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Palestine as metaphor.
February 10, 2003 10:28 AM   Subscribe

Palestine as metaphor. Is "linkage" of the Palestine/Israel situation to a wider peace in the Middle East valid? Some say yes, some say no. But it seems clear that most (except the Palestinians and Israelis themselves) view the situation more as a metaphor for wider Arab/Western relations rather than as a conflict between two peoples. I approach this post with fear and trembling.
posted by mrmanley (18 comments total)

 
Okl. I am insured so I can take a few hits. When you refer to Palestine as metaphor you are talking abstractions. There is a country there called Israel that might have been instead have been called Palestine (by its own choosing), and goodbye metaphor.

No one can say what will take place after the American invasion of Iraq. Might be that the US will insist that Iraq have an Israeli embassy in Baghdad and that Iraq recognize the existence of Israel!

But, alas, be you pro-Palestinian or pro-Israel, I suspect that much will remain the same, both sides fearful of each other, distrustful of motives on either side, spewing hatred etc etc.
posted by Postroad at 11:05 AM on February 10, 2003


Most Arabs and and many non-Arab Muslims take the Palestine/Israel issue very, very seriously, and very personally.

Hezbollah, for example, which consists mainly of Shi'ite Lebanese, with no inherent stake in what happens in Israel, has the defeat of what they call the "Zionist entity" as its principal goal. Hezbollah is in turn principally supported by Iranian clerical conservatives, who not only lack a geographic stake in the matter, but aren't even Arabs themselves.

There certainly is a good case that Arab and Muslim autocrats have used Palestinians as a way of distracting their own subjects from their personal lack of freedom ... but whether or not that's true, it cannot be seriously argued that the "street" doesn't care about this.

The story linked to makes a good point that the most Palestinian-friendly position which Israel and the US could adopt is almost intolerably inadequate from the standpoint of Arab politics. So, agreed, there's not an easy solution, but the problem is anything but abstract or metaphorical.
posted by MattD at 11:13 AM on February 10, 2003


MattD:

I would argue exactly the opposite: the Palestinian cause is entirely metaphorical to most Arab/Persian peoples. How could it be otherwise? The situation, ugly as it is, is not all that different from that of the Balkans or West African nations. But Palestine carries a freight of religious and historical overtones those other places do not; and it seems to be the mental Palestine rather than the actual place that concerns most Arabs (and Westerners, for that matter).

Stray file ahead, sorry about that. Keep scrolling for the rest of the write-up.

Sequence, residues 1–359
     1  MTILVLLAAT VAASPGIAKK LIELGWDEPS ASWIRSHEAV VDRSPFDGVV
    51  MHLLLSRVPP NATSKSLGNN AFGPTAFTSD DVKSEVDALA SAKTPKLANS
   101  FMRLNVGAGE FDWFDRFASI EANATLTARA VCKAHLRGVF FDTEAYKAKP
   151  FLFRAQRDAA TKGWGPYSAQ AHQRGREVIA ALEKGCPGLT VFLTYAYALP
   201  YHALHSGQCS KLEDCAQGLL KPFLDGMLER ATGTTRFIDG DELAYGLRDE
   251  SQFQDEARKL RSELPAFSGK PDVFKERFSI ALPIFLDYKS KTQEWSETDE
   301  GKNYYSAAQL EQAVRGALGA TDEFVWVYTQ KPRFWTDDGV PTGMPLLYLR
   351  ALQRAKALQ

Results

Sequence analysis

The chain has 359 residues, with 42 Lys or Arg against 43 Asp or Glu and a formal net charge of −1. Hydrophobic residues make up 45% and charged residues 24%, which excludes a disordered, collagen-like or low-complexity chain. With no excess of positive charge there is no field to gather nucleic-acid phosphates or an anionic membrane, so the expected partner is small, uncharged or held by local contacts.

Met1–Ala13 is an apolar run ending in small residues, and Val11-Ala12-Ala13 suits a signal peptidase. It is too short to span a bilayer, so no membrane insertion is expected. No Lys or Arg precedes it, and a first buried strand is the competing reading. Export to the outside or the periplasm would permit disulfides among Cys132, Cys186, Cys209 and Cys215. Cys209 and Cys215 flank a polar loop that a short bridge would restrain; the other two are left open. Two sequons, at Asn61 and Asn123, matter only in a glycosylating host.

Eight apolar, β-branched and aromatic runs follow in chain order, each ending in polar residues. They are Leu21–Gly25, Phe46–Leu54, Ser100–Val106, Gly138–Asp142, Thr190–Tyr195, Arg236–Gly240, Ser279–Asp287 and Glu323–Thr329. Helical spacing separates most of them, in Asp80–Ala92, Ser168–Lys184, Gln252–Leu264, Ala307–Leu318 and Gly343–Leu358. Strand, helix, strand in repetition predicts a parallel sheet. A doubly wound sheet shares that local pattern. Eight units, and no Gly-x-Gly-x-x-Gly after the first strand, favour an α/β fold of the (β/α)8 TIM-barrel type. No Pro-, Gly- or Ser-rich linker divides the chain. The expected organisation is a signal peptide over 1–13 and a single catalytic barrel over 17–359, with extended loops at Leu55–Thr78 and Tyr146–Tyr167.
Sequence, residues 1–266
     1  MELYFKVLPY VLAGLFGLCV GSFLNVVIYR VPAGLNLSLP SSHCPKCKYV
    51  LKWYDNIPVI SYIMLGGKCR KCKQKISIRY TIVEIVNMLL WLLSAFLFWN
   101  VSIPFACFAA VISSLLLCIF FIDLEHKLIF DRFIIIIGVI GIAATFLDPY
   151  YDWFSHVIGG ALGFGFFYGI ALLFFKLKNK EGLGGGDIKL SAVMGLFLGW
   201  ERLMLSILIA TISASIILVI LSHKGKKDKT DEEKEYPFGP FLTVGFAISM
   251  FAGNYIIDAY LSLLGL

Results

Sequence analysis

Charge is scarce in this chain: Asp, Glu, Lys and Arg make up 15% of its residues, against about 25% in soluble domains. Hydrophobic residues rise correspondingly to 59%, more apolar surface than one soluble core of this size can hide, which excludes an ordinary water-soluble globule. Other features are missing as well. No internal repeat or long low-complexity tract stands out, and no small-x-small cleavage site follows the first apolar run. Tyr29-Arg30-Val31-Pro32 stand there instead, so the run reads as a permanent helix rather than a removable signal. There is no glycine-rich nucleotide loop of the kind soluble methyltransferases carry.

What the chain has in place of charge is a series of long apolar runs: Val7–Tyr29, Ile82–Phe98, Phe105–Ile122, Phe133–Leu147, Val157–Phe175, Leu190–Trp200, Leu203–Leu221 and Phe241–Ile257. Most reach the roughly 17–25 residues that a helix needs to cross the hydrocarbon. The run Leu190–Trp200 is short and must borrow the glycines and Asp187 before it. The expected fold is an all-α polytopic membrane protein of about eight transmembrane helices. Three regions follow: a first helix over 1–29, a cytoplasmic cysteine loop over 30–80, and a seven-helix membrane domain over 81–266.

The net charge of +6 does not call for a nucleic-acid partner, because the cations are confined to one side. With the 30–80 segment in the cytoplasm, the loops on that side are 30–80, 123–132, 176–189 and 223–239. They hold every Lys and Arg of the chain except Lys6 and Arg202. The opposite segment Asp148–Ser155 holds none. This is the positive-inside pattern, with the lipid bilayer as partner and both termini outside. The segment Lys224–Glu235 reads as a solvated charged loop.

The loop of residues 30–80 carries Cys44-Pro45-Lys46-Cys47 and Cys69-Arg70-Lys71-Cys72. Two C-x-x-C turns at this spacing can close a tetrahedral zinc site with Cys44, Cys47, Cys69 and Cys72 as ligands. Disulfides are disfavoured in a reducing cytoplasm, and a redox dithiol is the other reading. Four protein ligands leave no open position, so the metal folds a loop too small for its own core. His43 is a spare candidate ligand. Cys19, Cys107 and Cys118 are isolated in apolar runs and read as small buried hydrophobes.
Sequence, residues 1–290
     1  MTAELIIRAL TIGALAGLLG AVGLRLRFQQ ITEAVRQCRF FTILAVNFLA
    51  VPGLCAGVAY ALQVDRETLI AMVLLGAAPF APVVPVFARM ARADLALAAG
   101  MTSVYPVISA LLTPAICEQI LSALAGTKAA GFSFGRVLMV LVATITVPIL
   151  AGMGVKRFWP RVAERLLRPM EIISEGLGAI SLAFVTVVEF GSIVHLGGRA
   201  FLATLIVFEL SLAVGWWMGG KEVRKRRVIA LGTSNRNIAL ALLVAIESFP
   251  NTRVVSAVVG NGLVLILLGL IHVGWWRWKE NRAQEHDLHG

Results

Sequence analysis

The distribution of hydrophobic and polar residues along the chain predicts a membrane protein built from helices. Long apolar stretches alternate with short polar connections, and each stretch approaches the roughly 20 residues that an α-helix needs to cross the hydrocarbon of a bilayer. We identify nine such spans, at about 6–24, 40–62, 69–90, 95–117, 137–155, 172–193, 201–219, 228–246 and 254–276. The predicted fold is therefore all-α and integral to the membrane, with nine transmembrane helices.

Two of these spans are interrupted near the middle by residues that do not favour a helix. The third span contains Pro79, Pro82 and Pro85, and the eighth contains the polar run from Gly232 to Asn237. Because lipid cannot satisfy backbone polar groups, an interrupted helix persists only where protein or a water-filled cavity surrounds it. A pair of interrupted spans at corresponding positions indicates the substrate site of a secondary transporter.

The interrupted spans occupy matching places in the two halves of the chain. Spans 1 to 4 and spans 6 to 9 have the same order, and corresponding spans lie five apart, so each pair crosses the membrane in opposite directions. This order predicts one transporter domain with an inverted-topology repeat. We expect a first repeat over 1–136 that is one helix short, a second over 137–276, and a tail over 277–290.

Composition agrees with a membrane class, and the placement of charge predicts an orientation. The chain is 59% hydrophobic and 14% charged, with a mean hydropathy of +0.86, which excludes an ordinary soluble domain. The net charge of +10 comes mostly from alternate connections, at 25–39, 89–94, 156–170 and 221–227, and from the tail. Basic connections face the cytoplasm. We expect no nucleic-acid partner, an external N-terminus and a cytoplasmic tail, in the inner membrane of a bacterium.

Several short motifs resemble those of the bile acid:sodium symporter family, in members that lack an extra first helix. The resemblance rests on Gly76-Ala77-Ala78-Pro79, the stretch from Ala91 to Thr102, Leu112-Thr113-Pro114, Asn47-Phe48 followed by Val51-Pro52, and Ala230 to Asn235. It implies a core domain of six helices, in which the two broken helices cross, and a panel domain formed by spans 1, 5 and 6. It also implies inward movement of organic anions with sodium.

posted by mrmanley at 11:29 AM on February 10, 2003


Matt D, did you read the article? I think he makes the case that there is a Palestine-as-metaphor that is a tool of inter-Arab politics.

Arguably, the metaphor is more important, given how little serious attention the Arab world has paid to peacemaking. There isn't today, for example, a Palestinian consensus on what is an acceptable settlement. Wheras the majority of Israelis have a notion of what they are willing to accept, on the Palestinian side, a muzzled press, lack of civil political discourse, worthless political leadership, attachment to sloganeering, romantic violence, and the reality of fighting their war has prevented the kind of political consensus building that they need if they are to ever make peace.

The importance of Palestine as metaphor actually makes peace harder to achieve because it raises the stakes of compromise.
posted by ednopantz at 11:34 AM on February 10, 2003


I was thinking about this today when I noticed Bush constantly referring to the UN as 'irrelevant' if it did not approve an attack on Iraq; and I was wondering if he was imitating Sharon's rhetoric re. Arafat, or sending some kind of signal to Sharon.
posted by carter at 11:53 AM on February 10, 2003


This is really interesting. On some level, the conflict really is about metaphors. What does it mean to the Jewish people to have a piece of land they see as their historical homeland, and location of culturally and religiously significant events? What does it mean to those of the Muslim faith -- for the same reasons?

Personally, I think that the big mistake involved in the founding of Israel was the underlying attitude of "never again." You can hardly blame the Jews for a seige mentality after centuries of being demonized, pogromed, mobbed, genocided, etc. But going in and creating a state based on the principle that the security of a safe place for the Jews to live was paramount above all other principles was asking for trouble. One wonders what might have happened if they'd seriously stuck with the idea of a state like the U.S. -- where everyones civil and religious liberties are supposed to be taken into account. Maybe the culture/geography still would have meant a lot of tension and violence. Maybe not.